By Leonel Henriquez
When audience members walked into Lehman’s Studio Theatre on March 17 to see a raised platform stage on steel girders, they could immediately sense that this would not be an ordinary presentation of Hamlet.
“The stage was made to look like a boxing ring, leveled up, with the ring side seats,” said senior Ibrahim Traore, who was recast as Laertes just two days before the first show.
Overall, the production was a fresh, innovative success, with director Rick DesRochers brilliantly adapting Shakespeare’s Elizabethan work. DesRochers presents it in a post-colonial creole setting reminiscent of Haiti after the French revolution, with characters wearing knickers and corsets. He modernizes the staging, however, with the use of projection screens which show flashbacks of the king’s death and pictures of his ghost which startle the audience.
The performance is pushed along by a score of classic rock music and ritualistic voodoo dance routines choreographed by Amy Larimer. DesRochers also broke with traditional casting, as male characters were played by women, with Nadja Gonzalez as Rosencrantz and Giselley Munoz as Horatio.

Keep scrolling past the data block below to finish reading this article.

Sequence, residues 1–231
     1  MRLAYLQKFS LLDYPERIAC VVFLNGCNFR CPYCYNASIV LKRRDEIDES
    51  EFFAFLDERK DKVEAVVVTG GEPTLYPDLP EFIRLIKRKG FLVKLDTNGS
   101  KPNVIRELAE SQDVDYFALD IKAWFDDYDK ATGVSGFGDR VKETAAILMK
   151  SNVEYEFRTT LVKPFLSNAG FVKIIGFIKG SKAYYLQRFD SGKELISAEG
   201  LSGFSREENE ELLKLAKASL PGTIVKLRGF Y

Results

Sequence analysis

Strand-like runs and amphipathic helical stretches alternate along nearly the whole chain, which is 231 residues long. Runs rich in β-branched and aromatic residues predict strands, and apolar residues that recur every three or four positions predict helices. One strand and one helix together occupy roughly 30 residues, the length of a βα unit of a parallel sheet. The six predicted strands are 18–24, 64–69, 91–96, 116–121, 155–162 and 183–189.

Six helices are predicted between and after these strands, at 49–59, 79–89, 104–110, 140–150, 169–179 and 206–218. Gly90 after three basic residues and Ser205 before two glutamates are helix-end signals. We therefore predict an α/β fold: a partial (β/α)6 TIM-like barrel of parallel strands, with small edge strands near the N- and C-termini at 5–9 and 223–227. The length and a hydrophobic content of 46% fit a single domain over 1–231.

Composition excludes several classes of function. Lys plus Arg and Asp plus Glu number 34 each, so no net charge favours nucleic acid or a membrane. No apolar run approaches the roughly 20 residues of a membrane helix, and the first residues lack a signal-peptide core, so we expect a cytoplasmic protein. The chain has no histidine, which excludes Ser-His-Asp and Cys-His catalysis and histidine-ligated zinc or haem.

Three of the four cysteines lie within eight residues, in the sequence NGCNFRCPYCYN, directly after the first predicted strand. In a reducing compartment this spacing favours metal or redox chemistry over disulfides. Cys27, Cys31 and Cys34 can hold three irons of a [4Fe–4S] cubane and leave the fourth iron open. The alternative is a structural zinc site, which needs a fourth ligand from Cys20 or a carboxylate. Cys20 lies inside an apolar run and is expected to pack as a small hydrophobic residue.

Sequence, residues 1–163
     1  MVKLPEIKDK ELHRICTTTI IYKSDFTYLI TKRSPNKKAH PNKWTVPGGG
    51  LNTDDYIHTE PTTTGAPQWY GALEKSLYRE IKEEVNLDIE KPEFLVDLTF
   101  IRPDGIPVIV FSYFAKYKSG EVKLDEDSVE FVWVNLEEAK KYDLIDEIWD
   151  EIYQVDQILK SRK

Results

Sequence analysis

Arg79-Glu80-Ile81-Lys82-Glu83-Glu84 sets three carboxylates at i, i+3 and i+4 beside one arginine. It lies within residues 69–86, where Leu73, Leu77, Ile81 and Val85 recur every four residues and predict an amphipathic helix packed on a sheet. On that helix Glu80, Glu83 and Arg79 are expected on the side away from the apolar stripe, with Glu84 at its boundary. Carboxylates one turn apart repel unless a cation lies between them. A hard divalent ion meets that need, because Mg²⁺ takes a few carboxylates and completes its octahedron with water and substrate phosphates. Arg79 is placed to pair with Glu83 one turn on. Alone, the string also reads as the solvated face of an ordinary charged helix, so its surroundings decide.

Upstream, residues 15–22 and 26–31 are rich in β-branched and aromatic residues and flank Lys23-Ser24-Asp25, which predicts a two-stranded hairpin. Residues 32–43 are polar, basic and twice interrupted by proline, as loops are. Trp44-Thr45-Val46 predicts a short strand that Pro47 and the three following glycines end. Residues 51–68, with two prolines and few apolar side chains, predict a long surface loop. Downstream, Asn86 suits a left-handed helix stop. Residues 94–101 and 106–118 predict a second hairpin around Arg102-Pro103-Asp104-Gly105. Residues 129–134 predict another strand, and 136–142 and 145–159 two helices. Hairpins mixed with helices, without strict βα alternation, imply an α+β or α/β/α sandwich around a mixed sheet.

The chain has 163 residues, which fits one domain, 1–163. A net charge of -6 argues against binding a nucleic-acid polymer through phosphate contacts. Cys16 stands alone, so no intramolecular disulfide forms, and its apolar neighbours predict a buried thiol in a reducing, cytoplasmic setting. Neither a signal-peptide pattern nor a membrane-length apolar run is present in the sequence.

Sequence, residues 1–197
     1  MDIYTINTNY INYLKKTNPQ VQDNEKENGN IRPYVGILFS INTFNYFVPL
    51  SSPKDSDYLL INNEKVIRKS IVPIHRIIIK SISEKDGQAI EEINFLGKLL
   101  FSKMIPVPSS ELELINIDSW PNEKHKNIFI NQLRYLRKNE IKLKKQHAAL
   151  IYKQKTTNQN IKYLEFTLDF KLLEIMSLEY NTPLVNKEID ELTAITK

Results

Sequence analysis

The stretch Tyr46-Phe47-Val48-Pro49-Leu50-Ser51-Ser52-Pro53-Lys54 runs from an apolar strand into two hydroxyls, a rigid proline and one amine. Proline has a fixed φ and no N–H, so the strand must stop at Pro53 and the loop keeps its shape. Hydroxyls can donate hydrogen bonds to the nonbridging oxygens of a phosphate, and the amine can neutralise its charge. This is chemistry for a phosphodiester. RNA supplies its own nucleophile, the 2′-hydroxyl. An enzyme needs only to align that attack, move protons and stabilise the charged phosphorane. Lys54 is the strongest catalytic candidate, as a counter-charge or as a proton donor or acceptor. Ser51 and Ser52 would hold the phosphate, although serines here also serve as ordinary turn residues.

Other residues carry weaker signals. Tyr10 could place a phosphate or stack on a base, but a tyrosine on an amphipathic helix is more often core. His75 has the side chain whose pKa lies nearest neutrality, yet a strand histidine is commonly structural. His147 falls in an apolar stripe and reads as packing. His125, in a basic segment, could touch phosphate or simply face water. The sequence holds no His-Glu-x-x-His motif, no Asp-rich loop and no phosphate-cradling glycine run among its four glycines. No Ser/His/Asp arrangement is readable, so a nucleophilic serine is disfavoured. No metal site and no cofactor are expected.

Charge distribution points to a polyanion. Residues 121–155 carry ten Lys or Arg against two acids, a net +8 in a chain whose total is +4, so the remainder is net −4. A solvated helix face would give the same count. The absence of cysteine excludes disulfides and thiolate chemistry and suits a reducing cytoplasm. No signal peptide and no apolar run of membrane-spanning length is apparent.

One of the best things about the staging of this production was the proximity and interaction of the performers with the audience. Performers would appear in the balcony, climb down to the orchestra and walk up into the gallery. At times the actors placed their hands on people’s shoulders and even took hold of someone’s hand and talked directly to them, bringing the experience to life as opposed to just viewing a performance. At one point, Robert Torigoe as King Claudius places a hand on an audience member’s shoulder and talks to them as if they were a member of the king’s court as the scene plays out.
Bereket Mengitsu was outstanding in the role of Hamlet. Beyond the prince’s controlled ramblings and bewildered looks, the physical interaction between him and the other characters was masterful. Mengitsu rolls around on the ground with Polonius (Hermanuel Darnis), and climbs on and humps the throne that his mother, Queen Gertrude (Jacqueline Rosa), is sitting on as he confronts her for marrying his uncle so shortly after his father’s death.
“I’m not a big fan of Shakespeare” said audience member Anna Rodriguez, “but this was fun.”
“I’m so proud of everyone associated with this play. They all worked so hard,” said DesRochers. Tearing up he added, “I couldn’t be prouder.”